Tank Showers

Most tank showers are portable, come with hoses or pumps, can be heated with batteries, and require very little to no setup. They require more storage room when not in use but are so easy to use and come in handy for many camping needs.

I prefer tank showers because of their convenience and ability to transform into more than just a shower. Whether I car camp or tent camp, I always bring a Rinse Kit. It makes life outside so much easier.

Rinse Kits are perfect not only for showers but for washing hands, rinsing pets, cleaning gear, and doing dishes. I use their 2-gallon option that, when used sparingly, can last weeks for one person. It comes with a built-in hose and multi-spray nozzle. I use the mist mode to conserve water. Rinse Kits make staying fresh while camping a breeze!

Newer models come with a detachable water heater or a built-in battery-operated heater, and the updated design makes it impossible for water leakage when sitting upright. It is really easy to use and refill and can now be refilled with some indoor faucets.

There are a few things that make showering even easier.

  • Floor matt or tub– great when using bag showers so you don’t create a mud pit under you with water run off
  • Privacy Tent- when campsites are too close together. Can be used for changing or as a bathroom with a porta potty or “Go Anywhere Toliet Kits.”
  • Shower Caddy– store all you tolitries in one place
  • Shower Shoes– such as flip flops to help protect against germs and keep your feel clean when entering and exiting the shower area
  • Microfiber Towels-They are not the most cozy and absorbent towels but when camping, their fast dry time is very convienent

Ways to stay fresh without a shower while camping

There are few options for staying clean and fresh even if water is not available.

Wet Wipes

The most common method is using a disposable body wipe. Many body wipes come in different sizes, thicknesses, and with varying levels of moisture. Some brands are all-natural, while others use alcohol and harsher ingredients to clean your skin.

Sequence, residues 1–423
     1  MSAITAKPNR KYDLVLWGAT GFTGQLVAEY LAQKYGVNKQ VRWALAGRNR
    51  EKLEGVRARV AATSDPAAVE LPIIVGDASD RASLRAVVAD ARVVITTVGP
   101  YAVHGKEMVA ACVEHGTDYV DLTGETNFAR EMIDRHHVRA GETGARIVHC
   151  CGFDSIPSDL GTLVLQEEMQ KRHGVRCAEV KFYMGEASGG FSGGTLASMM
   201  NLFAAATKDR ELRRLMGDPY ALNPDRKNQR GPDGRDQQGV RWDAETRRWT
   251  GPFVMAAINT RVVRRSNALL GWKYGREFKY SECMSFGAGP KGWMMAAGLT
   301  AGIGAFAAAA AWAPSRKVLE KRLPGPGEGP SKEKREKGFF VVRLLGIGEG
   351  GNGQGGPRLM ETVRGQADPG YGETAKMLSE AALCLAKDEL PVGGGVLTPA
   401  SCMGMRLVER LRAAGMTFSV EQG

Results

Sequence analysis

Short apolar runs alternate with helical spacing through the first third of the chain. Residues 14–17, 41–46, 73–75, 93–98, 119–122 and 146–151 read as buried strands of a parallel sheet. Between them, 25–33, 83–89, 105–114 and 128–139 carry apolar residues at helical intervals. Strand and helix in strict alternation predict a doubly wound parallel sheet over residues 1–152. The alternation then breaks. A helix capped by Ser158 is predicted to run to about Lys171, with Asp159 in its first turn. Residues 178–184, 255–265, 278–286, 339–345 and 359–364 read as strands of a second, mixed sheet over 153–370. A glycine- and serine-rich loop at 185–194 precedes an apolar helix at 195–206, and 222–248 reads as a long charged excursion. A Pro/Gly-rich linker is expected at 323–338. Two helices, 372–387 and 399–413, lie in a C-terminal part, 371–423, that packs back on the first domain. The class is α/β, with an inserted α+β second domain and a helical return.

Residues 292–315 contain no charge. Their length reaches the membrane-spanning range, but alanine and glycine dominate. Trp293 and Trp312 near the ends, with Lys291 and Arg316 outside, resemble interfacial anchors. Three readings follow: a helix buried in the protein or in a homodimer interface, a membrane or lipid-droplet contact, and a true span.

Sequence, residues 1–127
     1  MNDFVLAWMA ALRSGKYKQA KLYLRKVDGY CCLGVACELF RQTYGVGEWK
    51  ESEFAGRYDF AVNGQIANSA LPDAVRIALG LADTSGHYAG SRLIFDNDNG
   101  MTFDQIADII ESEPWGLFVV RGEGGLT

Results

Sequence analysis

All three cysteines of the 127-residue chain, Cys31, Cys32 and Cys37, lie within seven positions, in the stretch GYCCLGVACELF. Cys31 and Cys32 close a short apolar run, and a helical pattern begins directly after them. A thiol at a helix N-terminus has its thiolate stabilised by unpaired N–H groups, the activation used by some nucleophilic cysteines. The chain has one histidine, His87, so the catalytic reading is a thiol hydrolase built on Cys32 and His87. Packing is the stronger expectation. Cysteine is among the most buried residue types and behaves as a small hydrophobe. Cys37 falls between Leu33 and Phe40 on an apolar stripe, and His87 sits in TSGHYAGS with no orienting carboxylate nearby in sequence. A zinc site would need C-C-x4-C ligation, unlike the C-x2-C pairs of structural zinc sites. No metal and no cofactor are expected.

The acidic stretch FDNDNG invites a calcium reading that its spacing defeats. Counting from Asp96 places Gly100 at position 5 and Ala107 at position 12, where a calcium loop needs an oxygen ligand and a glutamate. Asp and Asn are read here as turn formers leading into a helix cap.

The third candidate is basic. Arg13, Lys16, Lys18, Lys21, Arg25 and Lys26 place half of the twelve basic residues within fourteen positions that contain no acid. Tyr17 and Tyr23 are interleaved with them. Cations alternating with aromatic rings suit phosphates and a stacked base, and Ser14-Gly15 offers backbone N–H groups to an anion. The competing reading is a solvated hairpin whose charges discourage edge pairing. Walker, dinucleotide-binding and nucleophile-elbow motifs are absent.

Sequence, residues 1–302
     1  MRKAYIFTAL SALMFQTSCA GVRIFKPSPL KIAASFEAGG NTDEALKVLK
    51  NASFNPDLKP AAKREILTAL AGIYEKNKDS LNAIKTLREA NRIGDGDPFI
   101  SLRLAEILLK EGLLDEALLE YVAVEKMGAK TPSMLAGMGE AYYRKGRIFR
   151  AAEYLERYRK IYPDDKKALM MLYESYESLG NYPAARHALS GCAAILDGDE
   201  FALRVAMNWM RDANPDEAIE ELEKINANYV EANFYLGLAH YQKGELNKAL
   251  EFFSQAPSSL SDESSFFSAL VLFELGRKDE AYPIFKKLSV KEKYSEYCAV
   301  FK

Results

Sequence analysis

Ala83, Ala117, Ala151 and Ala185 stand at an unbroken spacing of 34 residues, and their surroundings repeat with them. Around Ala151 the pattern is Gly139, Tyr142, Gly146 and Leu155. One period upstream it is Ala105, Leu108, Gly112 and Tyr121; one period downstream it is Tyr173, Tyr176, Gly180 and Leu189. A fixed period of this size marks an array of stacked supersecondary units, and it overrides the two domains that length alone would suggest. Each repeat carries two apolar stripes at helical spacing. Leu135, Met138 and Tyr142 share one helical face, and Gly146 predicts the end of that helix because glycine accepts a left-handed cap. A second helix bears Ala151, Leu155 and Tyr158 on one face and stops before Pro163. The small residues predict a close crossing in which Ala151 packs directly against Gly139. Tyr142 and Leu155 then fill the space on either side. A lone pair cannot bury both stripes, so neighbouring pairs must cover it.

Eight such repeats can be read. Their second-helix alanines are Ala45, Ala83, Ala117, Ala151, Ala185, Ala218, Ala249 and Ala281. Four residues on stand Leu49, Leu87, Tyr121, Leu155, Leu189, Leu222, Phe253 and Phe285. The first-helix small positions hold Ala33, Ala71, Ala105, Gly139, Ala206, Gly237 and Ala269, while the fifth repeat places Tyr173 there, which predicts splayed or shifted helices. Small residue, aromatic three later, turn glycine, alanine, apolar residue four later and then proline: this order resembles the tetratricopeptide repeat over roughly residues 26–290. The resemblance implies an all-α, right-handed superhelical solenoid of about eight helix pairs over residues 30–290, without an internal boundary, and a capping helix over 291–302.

It is essential to do your research and choose a wipe that is best suited for you. For example, if you are using a wipe to clean your entire body, I would make sure it is big enough and thick enough. I’ve been using the ShowerPill extra thick body wipes and love them. They are thick, have the perfect level of moist and come individually wrapped, eliminating dried-out wipes.

Although I love the ShowerPill wipes I’ll be switching to biodegradable wipes soon. I’ve heard good things about Surviveware Biodegradable Wet Wipes and Combat Wipes.

Focused Washing

The easiest way to feel refreshed without using a lot of water is to focus on cleaning whatever area makes your feel refreshed the most. For me, it is brushing my teeth and washing my face. When I am car camping for months, I always brush my teeth and wash my face twice a day. I feel instantly refreshed even if a full-on shower is not available for days at a time.

Camp in cooler weather

Camping in cool weather is a great way to avoid sweating, thus avoiding the icky dirty feeling. However, if it is hot and humid outside little can compensate for the sweaty, grimy feeling you get from just walking around. Even a shower can’t compete with hot weather; although immediately refreshed, that clean feeling won’t last for long in sweltering hot temperatures.


Whether it is a rinse kit, a body wipe, or a full-on luxury camp shower, I hope you will get out in nature knowing there are easy ways to take a shower while camping. It may take some getting used to, but the rewards of disconnecting and getting away from it all are well worth a few days of lite showering!

Hi, I'm Sam

After a lay off from the corporate fashion world I decided to SEE the world. Sharing all my bucket list experiences to help spark your wanderlust and inspire your next adventure!